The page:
[caption id="attachment_610" align="aligncenter" width="620"] Photo by Claudia Regina[/caption]
Is your relationship with your web visitors exclusive or are they seeing other people? If they aren't making your site their first stop for reliable information in your niche and recommending you to everyone they know, then a large part of the problem is likely usability.
Usability is about ease of use and the user experience (UX) while on your site (see the Nielsen Norman Group for more on this). As Hubspot recently discovered, 76% of consumers want a site to make it easy to find the information they want when they want it - and that's what you need to address to put your relationship with web users on the right track. Here are five actions you can take today.
1. Optimize for Speed
When you visit a site where pages take forever to load, you usually don't stick around. Check your bounce rate to see if people are leaving your site before they have had time to look at anything. If it's high, then it's possible that page load speed could be the issue. All kinds of things can slow your site down, from poorly developed themes and designs, to plugins and scripts to large images. A good free tool to help you troubleshoot page speed issues is GTMetrix
. Just plug in the URL you want to analyze and you will get a color coded chart showing all the things that are slowing your site, along with recommendations on how to improve them.
2. Streamline Navigation
Another important usability issue is navigation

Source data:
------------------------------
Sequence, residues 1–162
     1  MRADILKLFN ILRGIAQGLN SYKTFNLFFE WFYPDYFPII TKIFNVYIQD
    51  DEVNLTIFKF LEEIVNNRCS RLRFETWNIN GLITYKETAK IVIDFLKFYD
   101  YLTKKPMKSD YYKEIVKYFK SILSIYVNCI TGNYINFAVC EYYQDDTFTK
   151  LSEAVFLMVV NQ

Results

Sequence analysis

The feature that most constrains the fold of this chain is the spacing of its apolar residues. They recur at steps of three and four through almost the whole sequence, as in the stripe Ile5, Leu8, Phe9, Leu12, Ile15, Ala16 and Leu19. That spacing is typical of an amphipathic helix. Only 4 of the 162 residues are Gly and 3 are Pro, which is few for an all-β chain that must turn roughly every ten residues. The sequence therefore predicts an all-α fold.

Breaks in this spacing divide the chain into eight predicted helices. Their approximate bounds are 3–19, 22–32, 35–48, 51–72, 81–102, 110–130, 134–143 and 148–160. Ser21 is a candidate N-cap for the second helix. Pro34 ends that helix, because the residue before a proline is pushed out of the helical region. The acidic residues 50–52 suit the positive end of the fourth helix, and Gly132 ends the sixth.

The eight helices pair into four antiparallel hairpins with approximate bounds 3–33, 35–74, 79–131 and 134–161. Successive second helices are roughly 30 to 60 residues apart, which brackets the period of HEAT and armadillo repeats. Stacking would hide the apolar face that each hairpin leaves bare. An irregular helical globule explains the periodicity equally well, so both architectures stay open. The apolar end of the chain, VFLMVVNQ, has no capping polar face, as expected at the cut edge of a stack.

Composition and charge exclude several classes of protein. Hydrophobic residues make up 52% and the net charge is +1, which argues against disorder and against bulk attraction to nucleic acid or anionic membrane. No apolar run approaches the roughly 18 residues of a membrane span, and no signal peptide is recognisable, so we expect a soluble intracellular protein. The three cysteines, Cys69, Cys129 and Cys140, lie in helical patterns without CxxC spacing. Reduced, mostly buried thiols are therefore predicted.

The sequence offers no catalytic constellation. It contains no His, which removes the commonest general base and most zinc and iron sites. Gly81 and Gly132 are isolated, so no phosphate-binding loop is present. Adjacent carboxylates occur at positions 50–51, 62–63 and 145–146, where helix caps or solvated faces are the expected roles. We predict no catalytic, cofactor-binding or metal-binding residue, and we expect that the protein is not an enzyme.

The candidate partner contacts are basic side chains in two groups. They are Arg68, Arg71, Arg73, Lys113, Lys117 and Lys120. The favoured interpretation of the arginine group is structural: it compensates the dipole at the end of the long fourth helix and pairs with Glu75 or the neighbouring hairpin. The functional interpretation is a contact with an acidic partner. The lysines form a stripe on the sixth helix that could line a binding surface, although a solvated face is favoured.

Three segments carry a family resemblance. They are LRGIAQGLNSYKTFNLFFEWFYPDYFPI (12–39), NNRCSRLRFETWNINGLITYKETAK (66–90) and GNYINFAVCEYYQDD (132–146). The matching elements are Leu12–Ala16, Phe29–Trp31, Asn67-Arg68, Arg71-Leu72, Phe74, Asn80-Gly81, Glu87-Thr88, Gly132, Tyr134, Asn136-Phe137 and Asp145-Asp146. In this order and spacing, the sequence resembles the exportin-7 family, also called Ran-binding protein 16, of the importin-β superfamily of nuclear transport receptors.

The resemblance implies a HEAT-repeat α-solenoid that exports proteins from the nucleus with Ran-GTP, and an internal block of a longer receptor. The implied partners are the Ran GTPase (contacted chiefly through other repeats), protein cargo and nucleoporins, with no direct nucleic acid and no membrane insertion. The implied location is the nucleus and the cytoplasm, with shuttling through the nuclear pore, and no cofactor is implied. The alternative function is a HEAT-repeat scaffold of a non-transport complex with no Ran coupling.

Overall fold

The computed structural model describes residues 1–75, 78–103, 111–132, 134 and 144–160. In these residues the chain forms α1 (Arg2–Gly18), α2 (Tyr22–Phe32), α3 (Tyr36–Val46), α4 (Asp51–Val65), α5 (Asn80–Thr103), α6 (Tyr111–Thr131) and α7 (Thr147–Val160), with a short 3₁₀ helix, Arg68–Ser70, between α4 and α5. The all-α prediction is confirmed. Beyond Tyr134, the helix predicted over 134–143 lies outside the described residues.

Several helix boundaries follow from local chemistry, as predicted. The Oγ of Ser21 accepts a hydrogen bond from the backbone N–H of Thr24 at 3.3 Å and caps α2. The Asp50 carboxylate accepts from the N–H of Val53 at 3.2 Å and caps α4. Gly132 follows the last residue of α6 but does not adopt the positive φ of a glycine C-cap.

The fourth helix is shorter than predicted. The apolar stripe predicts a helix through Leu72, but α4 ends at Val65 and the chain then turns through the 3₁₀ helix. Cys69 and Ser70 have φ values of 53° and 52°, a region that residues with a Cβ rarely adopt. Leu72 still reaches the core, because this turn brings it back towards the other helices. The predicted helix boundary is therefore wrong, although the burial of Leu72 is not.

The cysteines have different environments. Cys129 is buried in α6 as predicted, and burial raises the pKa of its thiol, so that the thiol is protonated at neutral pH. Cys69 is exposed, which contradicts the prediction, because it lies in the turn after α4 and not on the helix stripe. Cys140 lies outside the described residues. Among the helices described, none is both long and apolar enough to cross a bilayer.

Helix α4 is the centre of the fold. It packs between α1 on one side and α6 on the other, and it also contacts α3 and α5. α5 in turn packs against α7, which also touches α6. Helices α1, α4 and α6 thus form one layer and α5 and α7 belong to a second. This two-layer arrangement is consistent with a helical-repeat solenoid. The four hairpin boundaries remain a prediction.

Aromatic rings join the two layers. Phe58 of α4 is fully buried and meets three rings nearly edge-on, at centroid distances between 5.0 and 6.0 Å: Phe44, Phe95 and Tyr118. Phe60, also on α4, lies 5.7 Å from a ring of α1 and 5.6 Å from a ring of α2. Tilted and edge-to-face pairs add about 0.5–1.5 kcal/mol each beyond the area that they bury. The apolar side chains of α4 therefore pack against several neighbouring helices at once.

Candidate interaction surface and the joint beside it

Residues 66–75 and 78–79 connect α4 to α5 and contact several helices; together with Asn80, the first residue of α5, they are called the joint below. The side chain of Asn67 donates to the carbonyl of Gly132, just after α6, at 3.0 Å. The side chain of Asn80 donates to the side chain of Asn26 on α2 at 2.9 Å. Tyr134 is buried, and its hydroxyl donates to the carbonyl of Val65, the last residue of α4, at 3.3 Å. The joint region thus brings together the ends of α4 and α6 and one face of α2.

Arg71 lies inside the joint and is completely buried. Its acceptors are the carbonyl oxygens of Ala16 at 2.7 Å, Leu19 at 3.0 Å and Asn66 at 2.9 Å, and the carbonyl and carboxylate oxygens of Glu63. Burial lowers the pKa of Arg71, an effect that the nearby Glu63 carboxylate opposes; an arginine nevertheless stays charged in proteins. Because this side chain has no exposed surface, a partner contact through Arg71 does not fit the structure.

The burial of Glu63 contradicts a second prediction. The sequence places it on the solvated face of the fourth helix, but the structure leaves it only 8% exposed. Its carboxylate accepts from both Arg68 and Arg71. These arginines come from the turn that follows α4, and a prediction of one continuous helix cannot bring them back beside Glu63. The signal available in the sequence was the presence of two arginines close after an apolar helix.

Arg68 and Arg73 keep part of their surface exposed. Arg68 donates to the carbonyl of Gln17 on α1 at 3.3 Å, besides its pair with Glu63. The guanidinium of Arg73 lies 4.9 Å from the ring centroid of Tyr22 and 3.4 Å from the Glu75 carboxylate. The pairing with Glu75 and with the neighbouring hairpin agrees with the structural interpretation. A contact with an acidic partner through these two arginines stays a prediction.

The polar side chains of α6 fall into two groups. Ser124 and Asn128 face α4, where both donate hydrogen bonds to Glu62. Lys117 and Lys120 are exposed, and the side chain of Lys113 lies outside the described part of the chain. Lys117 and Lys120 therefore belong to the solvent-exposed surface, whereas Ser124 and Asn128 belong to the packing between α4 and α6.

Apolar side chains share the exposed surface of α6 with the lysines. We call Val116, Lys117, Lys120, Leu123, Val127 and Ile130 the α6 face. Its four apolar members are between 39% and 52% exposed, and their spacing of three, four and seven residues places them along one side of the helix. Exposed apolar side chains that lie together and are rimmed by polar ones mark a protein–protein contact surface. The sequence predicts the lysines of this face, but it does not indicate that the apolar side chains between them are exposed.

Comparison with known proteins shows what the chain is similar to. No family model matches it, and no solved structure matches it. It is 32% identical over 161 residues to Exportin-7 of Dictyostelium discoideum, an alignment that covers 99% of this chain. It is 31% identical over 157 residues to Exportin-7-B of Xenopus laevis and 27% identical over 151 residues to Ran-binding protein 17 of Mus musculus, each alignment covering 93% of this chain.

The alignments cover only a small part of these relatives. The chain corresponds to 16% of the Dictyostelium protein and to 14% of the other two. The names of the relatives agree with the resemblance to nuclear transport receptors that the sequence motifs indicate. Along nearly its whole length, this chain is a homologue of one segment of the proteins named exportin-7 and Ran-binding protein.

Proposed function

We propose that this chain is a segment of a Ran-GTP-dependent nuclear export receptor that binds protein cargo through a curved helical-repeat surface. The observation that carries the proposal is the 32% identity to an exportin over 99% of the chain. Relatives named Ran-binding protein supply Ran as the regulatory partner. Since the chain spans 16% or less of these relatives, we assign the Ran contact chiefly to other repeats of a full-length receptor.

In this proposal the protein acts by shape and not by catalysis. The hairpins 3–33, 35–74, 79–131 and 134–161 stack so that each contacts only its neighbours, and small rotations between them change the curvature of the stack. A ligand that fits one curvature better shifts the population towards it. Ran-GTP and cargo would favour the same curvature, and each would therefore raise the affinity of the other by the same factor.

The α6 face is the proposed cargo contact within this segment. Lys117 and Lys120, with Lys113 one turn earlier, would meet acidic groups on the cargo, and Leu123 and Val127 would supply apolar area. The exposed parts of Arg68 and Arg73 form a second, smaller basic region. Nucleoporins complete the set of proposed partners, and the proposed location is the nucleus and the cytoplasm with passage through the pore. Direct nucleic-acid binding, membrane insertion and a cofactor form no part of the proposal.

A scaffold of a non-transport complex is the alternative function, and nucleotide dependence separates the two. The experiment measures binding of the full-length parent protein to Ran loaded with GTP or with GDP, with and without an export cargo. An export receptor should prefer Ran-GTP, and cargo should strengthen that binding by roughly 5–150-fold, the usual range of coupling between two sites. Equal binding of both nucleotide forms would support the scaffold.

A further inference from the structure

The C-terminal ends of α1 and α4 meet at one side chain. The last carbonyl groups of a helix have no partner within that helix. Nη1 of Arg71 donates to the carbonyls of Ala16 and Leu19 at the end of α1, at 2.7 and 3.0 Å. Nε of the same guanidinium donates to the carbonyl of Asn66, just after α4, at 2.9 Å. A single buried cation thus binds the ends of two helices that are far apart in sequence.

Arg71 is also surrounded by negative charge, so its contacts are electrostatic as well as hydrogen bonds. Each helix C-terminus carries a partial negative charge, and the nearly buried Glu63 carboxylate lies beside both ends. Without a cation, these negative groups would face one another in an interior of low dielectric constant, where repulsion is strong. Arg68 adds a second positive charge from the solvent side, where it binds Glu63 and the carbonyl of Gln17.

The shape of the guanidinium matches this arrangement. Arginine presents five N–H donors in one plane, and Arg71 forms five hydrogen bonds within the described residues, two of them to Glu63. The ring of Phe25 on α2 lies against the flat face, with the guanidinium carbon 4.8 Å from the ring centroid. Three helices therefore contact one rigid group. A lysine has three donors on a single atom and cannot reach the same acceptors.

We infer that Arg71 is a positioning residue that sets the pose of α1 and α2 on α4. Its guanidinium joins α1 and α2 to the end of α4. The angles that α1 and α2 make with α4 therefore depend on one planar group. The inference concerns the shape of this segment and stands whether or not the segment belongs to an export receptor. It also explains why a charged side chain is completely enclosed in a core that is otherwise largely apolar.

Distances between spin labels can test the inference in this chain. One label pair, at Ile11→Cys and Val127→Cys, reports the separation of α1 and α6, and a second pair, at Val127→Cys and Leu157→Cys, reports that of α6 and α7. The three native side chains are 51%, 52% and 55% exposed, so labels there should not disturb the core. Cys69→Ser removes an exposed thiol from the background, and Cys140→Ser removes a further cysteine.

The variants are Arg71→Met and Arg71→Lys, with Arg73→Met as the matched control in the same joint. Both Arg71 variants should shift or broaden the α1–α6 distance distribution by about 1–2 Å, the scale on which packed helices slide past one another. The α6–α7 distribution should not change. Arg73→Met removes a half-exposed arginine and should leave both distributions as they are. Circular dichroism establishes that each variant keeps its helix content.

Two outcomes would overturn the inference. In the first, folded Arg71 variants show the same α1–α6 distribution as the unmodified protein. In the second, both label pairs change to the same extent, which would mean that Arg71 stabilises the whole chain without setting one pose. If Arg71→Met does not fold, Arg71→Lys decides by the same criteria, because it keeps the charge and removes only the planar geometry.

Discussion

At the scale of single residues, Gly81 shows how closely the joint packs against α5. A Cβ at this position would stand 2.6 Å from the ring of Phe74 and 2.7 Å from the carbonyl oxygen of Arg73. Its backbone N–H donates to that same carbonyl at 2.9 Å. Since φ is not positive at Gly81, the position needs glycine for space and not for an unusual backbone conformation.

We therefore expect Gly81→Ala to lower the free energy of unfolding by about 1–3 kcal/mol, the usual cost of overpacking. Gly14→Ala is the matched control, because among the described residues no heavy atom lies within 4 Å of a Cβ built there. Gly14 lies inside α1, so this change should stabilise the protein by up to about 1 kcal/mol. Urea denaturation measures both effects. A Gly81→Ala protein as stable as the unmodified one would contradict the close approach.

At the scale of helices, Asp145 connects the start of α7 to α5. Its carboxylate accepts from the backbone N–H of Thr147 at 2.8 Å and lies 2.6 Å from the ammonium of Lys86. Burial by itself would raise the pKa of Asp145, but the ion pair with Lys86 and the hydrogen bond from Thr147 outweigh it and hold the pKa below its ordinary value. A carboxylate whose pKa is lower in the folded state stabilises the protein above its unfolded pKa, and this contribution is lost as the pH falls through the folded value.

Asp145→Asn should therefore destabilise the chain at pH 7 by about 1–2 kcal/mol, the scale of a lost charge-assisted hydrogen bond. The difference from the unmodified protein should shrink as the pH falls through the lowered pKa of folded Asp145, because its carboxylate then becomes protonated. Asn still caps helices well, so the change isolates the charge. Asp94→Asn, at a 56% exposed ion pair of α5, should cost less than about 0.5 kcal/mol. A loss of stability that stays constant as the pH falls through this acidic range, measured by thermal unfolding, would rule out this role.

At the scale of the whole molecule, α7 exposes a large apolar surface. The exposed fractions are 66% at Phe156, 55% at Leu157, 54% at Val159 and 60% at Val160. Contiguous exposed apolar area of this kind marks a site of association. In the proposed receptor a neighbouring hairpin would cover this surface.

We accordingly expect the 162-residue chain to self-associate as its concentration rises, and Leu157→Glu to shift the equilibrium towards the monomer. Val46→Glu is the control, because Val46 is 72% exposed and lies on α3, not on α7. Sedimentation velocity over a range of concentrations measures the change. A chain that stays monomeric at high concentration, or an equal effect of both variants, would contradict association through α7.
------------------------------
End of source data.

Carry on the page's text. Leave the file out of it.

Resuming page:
. To be usable, navigation needs to:
- be where people expect to find it (usually top, and sometimes left or right)
- point to the main information people are looking for.
- be labeled so people know what they will get when they click.
But for users, navigation is not just about the menu, it's about other things that make it easy to find their way around your content. That's why you also need a prominent search box that works and ways to find collections of content on the same theme (like category labels or tag clouds on blogs).
3. Lose the Flash
We get it - some people love a flashy design. That's fine, but it doesn't mean you have to build it with Flash. Just don't do it. It may be visually appealing, but it's not SEO-friendly and it's definitely not user-friendly. Those beautiful splash pages and landing pages with whizzy animations may take ages to load - or may not load at all - in some browsers. And if visitors to your site are using a modern Android phone
or tablet, they probably won't be able to see them at all
. The good news is that you can get some great effects with HTML5, which is viewable on practically all devices and platforms.
4. Make it Accessible
Most people these days know they should add alt tags and captions to images. This is not just about SEO but about making them accessible to users who may be interacting with your site in different ways. Visually impaired web users may use screen readers to tell them what's on the site - without alt tags your images and multimedia won't be described. And it's time to stop asking people to "click here". Instead, make sure hyperlinks say where users will be going when they click. We've summarized the WCAG 2.0 provisions
from the World Wide Web Consortium - see how your site matches up.
5. Make it Responsive and Mobile
Even if you have addressed speed, navigation and accessibility, you still have to do it all again - this time with mobile. The Mobile Mind Shift
is here - and any site that's not ready will lose users and business. Guaranteed. Make mobile users happy by either:
- implementing a responsive design that works no matter what device people are using.
- getting an interface that's adapted for mobile users, allowing them to tap, swipe and long press to interact with content.
Address these five areas and your site visitors will have a better user experience, helping them to fall in love with your website.